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Later that week I picked up my purse, my modern-day version of the bow and arrow, and ran to press the elevator button as quickly as I could. I had less than twenty to minutes to make it uptown to the bridal boutique I had previously made reservations with on a Friday night. Steve came through the loud lobby door, and suggested we take the stairs nine flights down if I was really in a hurry. When I reached the street, I kept up the jogging until I was in the subway, back out again, and to the door of the boutique. From outside I could see a girl standing inside who I hoped wouldn’t be helping me. She looked miserable, but quickly smiled when the dainty bell hooked to the door rang as I opened it. After greeting me, seating me, and then handing me a stack of papers, she retreated back to her post in the back of the store. It was quiet, save for my heavy breathing as I stripped my coat and scarf off. Only an occasional giggle rose louder than the soft music playing above my head.
A young black woman came out from the back of the boutique and put one of her arms half-way around me. She was in the middle of asking me what kind of dress I wanted, when she stopped and looked behind me. She was obviously looking for the women that you see in the movies. There was no one. The opinionated mother, the drunk best friend, and the catty friends weren’t there. It was just me. She asked me why I had come alone. and I brushed it off by pointing at a dress that was ugly. “What I don’t want, is that,” I said before we continued moving down aisles. I liked her immediately, and she liked me too. She was flabbergasted that I hadn’t come in to shop, but to demand that they produce the dress of my dreams in a single shot. I gave her a clear description of what I wanted, but she kept suggesting we try various options. I refused, so we finally walked to the back of the boutique arm-in-arm with only one option slung over her shoulder.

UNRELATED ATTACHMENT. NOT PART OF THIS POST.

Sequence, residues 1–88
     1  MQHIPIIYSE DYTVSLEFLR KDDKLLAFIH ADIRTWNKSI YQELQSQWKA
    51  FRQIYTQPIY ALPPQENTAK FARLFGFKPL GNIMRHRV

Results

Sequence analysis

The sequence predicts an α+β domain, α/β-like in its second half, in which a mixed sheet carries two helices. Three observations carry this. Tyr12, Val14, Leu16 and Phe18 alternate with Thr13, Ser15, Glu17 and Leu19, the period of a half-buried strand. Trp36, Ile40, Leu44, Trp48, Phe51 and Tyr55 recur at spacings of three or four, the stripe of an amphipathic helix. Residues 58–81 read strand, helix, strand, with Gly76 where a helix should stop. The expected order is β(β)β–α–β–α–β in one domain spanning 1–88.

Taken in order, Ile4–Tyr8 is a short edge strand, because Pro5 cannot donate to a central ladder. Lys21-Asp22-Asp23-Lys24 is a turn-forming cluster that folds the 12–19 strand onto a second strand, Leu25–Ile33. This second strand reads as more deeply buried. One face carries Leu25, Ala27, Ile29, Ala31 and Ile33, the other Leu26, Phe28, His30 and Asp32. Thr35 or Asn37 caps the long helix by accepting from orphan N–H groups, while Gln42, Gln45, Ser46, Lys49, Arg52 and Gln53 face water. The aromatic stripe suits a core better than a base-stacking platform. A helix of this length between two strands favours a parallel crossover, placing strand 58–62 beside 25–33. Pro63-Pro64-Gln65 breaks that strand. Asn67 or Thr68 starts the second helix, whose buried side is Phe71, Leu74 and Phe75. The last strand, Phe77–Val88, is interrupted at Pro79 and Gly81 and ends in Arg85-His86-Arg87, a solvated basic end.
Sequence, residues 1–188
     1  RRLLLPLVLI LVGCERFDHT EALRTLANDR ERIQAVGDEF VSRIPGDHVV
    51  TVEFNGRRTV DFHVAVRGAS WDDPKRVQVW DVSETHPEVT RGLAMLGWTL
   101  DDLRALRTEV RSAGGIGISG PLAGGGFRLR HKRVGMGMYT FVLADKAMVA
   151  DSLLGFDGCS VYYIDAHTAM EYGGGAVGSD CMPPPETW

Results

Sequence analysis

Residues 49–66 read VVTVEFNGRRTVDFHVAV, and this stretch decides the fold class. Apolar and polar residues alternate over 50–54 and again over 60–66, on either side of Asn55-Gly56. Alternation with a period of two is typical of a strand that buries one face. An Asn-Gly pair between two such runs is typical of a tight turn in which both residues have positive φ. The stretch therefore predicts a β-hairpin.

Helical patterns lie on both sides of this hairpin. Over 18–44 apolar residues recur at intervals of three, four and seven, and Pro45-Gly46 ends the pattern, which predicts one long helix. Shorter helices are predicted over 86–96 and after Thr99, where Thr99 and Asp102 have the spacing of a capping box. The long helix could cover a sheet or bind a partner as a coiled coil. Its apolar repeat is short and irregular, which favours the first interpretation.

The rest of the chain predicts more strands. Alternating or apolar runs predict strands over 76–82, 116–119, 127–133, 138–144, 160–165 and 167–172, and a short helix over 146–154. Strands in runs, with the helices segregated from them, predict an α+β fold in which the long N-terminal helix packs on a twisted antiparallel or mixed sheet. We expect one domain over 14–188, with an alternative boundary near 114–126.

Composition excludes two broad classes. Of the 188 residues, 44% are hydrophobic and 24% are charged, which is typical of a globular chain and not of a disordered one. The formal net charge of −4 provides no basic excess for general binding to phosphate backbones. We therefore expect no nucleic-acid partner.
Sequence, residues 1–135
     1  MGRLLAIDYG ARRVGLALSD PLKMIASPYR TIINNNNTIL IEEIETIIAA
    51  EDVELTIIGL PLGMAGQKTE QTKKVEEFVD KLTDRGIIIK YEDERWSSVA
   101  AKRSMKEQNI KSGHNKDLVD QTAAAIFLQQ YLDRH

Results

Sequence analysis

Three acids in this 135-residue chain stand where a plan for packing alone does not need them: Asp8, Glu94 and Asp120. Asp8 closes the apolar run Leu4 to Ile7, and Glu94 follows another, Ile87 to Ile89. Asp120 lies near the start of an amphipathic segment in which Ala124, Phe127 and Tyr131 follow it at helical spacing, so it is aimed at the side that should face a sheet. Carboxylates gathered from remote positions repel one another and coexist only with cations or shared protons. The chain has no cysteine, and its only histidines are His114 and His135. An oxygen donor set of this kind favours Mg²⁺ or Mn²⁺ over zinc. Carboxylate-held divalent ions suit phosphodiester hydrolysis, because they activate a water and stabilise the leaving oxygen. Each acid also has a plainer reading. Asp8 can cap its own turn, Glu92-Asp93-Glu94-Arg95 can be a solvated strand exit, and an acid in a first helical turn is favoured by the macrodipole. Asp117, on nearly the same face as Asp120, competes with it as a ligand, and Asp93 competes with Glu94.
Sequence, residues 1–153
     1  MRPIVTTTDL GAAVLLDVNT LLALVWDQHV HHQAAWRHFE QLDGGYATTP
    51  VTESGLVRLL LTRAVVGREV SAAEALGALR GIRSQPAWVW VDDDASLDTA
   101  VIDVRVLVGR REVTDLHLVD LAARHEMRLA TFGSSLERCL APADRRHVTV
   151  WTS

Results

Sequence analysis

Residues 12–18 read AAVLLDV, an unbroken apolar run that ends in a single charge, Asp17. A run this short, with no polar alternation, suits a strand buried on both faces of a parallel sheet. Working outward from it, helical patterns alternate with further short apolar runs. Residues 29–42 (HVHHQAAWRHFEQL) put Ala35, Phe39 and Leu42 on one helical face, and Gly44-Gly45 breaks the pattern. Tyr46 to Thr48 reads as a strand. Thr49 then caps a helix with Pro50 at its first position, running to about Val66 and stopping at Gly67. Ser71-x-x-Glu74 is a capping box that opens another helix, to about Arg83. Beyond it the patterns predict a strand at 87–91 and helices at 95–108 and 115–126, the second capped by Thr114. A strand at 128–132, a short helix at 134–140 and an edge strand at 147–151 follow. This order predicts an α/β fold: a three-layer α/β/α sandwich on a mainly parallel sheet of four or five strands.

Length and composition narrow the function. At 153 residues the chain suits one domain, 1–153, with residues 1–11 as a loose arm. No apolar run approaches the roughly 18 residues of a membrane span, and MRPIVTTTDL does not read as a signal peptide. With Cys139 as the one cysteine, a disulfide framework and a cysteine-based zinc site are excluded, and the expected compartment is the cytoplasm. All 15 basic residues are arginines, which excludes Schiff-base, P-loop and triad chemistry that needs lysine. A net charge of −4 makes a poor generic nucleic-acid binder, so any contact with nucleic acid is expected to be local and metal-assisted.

I didn’t realize that the person helping you try on a dress actually comes into the fitting room so I had to apologize for unpolished toenails, unshaved legs, and damp skin that was still cooling from the jog. She genuinely didn’t seem to mind, and we had a great time laughing as I stripped down to a thong. We talked about the type of wedding I was going to have, my fiancé, our vow to remain celibate until the wedding night, and my parents. Upon hearing about them, she again asked why I was shopping for my wedding dress completely alone. “Who says I’m shopping? Maybe I just came in to try on dresses and waste your time,” I joked. “No,” she said, “you really know what you want. You’re the first bride I ever met like that. So decisive. Like a…,” she said before trailing off. I think she wanted to say “like a man“. That would have been fine by me. Decisive and independent caveman Jasmine. That’s me all day.
To be continued…
*Author’s note: I have no idea what the “Hunger Games” is. I mean, I know, but I’ve never read the books or seen the movie. Everything I know I learned from my roommate who is borderline obsessed. Feel free to send me emails about it at firstname.lastname@example.org, or better yet, let me borrow the book. I think I’ve been banned from the Brooklyn library. Thanks!